Experts also credit social media for helping to normalize mental health issues. "Celebrities and social media influencers have used their platforms to share their own struggles," says Bonnie Compton, a child and adolescent therapist, parenting coach, and author of Mothering With Courage. "This has helped it become more acceptable to reach out for help—to see it as a strength rather than a weakness."
The ongoing conversations about mental illness also offer a better understanding of the impact it can have on daily life. "Gen Zers want the energy and ability to travel, have new adventures, and make great friends. Having a mental health issue can stifle that dream and they would rather deal with the issue and hopefully move forward from it than to let it stop them from what they desire," says Keshia Brooks, supervisor of prevention education and family wellness at Pathways, Anne Arundel Medical Center’s substance abuse and mental health treatment facility in Annapolis, Maryland.
How Gen Z's Mental Health Awareness Could Shape Their Parenting
Gen Z's willingness to identify and address their mental wellness—even long before they have children—may only enhance their parenting. Young adults who seek treatment before having kids will have a greater chance at being emotionally healthy parents, says Compton.
Whether a parent is excited about a promotion or steaming from a fight with an in-law, even the youngest children are able to pick up on emotional ups and downs in the household. "If a parent is able to speak openly—appropriately for the child’s developmental level—the child will learn to do the same. Children will no longer need to 'fill in the blank' about why Mommy or Daddy is so sad or mad. Or are present and then suddenly disappear," says Compton.
Similarly, parents will have developed emotional regulation and be able to teach that to their children. "Discussion of emotions will be normalized within the family," says Compton. "Children and teens will understand that all feelings are accepted and that it is perfectly normal to reach out for support. They will also be able to create and nurture deep authentic relationships with their children through honest conversations."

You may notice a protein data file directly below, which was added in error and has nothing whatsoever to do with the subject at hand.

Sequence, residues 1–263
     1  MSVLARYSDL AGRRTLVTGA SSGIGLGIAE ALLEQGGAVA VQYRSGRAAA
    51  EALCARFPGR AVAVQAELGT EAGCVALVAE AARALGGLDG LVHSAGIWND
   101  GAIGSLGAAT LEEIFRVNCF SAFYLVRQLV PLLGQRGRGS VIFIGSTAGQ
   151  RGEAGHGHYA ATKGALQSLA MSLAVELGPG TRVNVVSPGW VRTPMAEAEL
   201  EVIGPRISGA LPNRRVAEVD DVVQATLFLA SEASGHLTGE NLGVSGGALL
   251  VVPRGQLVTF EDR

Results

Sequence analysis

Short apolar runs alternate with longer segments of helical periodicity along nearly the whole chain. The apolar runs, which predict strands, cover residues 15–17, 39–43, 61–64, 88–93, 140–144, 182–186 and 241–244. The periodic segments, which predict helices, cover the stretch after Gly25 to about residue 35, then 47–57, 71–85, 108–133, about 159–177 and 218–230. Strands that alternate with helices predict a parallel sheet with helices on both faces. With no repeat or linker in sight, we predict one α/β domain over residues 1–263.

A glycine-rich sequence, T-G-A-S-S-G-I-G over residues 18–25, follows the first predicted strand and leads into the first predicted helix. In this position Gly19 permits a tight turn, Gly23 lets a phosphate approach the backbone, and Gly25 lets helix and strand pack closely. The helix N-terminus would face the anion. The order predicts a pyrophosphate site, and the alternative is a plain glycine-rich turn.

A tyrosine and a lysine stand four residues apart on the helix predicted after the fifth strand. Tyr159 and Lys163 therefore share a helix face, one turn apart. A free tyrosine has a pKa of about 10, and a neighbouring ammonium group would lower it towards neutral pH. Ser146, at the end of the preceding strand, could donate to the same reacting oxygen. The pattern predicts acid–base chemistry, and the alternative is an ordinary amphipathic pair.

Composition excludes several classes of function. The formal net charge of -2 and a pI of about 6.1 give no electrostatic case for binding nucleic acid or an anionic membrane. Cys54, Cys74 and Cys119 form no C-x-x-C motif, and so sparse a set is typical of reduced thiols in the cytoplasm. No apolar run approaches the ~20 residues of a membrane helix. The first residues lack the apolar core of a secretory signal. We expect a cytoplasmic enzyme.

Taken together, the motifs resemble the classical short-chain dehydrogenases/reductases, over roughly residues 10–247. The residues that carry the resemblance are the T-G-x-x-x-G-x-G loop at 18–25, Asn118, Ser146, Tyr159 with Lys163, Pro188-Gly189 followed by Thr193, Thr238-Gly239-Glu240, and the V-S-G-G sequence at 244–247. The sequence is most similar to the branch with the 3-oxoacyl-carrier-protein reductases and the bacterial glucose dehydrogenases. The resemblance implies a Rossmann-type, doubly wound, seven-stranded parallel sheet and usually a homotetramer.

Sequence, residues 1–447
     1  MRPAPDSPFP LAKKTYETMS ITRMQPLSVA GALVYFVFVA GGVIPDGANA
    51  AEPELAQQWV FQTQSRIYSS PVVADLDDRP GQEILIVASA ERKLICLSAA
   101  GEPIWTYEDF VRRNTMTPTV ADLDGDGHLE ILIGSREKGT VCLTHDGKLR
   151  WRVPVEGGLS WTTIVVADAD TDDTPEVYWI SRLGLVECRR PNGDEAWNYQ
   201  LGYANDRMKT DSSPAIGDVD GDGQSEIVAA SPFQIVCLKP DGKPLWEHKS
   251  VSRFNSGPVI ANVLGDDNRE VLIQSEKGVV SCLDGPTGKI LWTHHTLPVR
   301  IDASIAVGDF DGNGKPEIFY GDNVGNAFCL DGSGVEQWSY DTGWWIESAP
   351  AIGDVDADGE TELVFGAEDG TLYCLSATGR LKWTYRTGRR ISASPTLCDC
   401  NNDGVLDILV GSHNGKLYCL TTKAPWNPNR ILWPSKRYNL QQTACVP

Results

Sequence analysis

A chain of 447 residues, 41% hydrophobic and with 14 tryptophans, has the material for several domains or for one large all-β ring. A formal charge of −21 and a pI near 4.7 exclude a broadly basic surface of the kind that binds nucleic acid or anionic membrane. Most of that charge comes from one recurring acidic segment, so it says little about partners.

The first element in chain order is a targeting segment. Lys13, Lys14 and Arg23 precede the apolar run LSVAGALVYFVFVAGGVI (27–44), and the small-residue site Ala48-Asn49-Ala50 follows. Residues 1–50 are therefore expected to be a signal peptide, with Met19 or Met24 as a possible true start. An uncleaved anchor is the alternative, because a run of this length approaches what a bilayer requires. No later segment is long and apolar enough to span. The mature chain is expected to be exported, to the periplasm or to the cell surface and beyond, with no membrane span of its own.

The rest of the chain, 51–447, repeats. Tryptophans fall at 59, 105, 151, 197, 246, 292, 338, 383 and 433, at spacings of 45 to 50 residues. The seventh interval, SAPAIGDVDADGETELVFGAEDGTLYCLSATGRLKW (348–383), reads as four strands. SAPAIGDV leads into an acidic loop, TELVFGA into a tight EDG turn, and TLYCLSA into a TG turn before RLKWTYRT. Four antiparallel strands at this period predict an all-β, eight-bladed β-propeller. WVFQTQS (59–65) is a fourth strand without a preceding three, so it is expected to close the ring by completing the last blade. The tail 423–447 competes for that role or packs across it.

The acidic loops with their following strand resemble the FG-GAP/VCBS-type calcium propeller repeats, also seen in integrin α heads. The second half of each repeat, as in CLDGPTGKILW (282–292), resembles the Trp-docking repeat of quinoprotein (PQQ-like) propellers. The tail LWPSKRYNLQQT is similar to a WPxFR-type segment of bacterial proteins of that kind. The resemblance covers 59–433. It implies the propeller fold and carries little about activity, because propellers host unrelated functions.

Much of this boils down to kids seeing healthy behaviors and perspectives demonstrated by their parents. "As children see their parents modeling openness, help-seeking, and a value for authenticity, they are learning that it is all right for them to practice these tenets as well," says Lauren Cook, a San Diego-based family and child therapist.
Because of their own positive experiences with treatment and therapy, Gen Z parents will also be more likely to identify symptoms of mental illness and seek it for their children, notes Niro Feliciano, LCSW, a psychotherapist and anxiety specialist in Wilton, Connecticut. "I often have to talk parents into the reality that their kids can benefit from therapy. I think there will be fewer of these conversations in the future when Gen Zers enter parenthood. They have seen the value of support and treatment," she says.
On the flip side, being hyperaware of mental health issues could be problematic if it is used as a crutch. "Sometimes people can become enmeshed with a mental illness and use it as a reason for not getting better," says Cook. "For example, they may say, 'My depression makes me do this' or 'My anxiety limits me.'" That's why it's critical to be honest about the impact mental illness can have on a person's life but it's also essential to recognize that treatment can make all the difference.
The Bottom Line
Gen Z's awareness and approach to mental health can have a positive influence on their parenting by allowing them to be emotionally healthy and drivers of open communication. It can also help shape a future generation that will understand, accept, and seek to treat their own mental health issues. As Compton puts it: "There will be less wounded adults walking the earth."